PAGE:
Individuality can be conditioned and subjugated by a socio-political environment that monopolizes a narrative of life. In the case of capitalism, we’re all born into a pre-configured society that reinforces its values, roles, and ideology with the psychological force of formalized institutions. When we walk outside, we see a reality that has been quantified and institutionally constructed to propagate itself. Cars, airplanes, highways, skyscrapers, fast food, etc — all normalized to generate the comfort of order. Without order, without normalization, there is a chaos that breaks the silence of personal subjugation. Organization and order go hand in hand. Values, roles, and ideology are better reinforced when massified to create the illusion of normalcy. This process discourages individuality, uniqueness, and chaos, since all three pose a threat to monolithic formations. While capitalism claims to encourage genuine individualism, it is an individualism that is pre-configured to reproduce capitalism on an individual level. In other words, individuals who surrender themselves to the system of capitalism become members limited to making capitalism functional. Any individual who refuses capitalism, or systems all together, will seek an existence that contradicts the interests of capitalism. From this perspective, individualist anarchy is a refusal to surrendering one’s self to the confines of a formalized system.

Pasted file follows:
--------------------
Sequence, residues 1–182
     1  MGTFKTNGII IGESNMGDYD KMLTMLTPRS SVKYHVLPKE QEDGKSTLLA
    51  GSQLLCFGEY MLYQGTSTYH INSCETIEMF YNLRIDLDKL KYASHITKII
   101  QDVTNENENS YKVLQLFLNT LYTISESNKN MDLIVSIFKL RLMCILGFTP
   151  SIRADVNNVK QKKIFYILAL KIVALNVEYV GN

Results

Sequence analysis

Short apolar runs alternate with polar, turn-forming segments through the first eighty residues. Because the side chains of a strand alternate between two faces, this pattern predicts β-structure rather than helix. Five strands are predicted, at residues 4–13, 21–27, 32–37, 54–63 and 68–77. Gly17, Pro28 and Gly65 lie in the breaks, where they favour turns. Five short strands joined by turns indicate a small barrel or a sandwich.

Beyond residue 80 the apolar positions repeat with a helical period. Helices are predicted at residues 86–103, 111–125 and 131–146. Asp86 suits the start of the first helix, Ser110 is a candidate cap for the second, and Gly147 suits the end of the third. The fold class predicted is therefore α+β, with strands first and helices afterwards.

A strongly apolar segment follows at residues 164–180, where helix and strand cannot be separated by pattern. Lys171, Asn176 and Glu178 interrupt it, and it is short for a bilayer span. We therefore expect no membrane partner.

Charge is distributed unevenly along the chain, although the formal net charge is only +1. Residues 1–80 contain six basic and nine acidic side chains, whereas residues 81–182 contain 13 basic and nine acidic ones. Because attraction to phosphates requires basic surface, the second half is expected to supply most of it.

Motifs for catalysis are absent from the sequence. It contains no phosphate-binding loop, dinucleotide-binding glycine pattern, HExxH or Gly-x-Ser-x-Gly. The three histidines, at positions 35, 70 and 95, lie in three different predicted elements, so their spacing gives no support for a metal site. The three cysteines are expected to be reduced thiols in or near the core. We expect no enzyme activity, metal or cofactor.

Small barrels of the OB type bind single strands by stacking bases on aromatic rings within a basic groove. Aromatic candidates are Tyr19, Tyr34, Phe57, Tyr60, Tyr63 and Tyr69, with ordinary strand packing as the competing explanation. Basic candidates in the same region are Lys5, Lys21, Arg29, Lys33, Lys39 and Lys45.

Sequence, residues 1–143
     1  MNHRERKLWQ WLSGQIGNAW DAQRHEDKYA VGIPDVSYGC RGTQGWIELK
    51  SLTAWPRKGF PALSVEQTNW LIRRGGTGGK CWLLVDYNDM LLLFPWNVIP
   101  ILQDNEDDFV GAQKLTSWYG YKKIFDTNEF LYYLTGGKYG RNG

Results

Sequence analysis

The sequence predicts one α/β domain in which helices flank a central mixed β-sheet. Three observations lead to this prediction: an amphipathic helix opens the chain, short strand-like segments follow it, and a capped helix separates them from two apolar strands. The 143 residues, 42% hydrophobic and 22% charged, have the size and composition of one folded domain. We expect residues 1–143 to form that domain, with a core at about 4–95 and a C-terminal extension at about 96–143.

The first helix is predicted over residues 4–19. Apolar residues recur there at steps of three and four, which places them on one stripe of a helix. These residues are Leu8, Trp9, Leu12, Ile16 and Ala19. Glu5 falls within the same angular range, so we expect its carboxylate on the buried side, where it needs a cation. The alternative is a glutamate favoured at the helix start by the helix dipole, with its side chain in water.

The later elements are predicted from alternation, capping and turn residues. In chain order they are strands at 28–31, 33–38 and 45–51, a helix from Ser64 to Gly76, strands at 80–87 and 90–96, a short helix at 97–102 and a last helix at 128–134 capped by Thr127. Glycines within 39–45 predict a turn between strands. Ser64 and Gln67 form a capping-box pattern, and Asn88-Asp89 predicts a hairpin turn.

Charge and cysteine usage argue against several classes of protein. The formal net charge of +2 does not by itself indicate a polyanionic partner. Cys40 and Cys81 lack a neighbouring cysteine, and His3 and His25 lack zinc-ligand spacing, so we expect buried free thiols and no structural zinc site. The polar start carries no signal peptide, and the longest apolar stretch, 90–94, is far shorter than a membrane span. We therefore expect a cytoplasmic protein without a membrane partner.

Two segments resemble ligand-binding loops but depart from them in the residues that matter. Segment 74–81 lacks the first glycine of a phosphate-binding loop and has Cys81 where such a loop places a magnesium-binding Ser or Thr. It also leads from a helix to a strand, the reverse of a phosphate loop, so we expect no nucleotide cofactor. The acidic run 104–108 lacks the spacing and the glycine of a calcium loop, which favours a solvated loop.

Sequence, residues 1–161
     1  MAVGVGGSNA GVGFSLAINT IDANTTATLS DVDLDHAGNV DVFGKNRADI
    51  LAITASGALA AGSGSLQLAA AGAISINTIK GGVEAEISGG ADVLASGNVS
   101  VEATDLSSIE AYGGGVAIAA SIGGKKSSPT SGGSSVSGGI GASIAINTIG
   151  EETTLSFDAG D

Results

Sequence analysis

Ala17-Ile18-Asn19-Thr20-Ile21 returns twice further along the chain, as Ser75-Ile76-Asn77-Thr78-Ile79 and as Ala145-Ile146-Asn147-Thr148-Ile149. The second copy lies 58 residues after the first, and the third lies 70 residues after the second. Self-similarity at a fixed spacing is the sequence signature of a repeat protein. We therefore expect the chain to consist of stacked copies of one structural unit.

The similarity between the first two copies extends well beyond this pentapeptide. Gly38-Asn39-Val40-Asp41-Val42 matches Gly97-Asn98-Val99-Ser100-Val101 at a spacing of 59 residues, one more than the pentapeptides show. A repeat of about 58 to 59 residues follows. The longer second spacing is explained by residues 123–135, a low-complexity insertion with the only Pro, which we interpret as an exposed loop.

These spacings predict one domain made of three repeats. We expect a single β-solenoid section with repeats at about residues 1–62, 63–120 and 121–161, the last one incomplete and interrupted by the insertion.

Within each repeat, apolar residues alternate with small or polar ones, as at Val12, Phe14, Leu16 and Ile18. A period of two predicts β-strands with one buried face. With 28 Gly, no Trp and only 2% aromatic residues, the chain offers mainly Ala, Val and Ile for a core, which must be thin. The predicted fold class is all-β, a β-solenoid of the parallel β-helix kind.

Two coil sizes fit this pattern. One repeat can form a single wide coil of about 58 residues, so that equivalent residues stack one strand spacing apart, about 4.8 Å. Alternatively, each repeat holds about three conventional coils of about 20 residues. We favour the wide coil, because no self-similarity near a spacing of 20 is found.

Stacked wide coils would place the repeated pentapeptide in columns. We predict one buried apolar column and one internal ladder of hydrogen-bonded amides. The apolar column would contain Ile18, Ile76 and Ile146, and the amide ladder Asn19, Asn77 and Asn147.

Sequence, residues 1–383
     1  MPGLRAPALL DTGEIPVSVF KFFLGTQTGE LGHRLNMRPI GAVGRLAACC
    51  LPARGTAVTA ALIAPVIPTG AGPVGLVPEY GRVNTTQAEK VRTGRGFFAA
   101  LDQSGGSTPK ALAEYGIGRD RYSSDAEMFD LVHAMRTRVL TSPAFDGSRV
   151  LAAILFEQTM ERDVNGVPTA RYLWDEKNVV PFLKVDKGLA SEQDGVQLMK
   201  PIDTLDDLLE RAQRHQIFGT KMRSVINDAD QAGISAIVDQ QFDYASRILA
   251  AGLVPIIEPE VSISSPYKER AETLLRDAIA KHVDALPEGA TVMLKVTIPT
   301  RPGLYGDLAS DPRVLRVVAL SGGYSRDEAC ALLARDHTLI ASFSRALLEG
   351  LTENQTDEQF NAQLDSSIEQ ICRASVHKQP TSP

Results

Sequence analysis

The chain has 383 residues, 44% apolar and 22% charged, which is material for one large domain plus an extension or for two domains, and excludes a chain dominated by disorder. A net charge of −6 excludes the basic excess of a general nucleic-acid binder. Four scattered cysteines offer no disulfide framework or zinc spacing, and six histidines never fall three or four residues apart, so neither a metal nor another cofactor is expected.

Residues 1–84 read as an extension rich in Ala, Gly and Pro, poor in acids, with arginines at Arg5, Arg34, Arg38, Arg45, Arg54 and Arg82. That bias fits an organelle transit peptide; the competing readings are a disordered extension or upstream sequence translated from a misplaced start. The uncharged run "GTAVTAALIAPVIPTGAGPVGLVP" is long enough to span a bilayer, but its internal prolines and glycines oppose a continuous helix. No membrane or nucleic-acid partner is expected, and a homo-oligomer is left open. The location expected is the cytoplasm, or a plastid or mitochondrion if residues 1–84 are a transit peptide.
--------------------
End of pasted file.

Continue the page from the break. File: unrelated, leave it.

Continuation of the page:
Chaos is the personalized strategy of negation to pre-configured order- an order that is pre-decided by those merely interested in gaining further membership. The strategy of creating a mass society or system of order is a strategy of discouraging individuality, chaos, and uniqueness. This strategy includes presenting a one-dimensional view of individualism that is defined by capitalism. But for individualism to be unique and chaotic, it can not be limited by the confines of formal organizations or socialized constructs.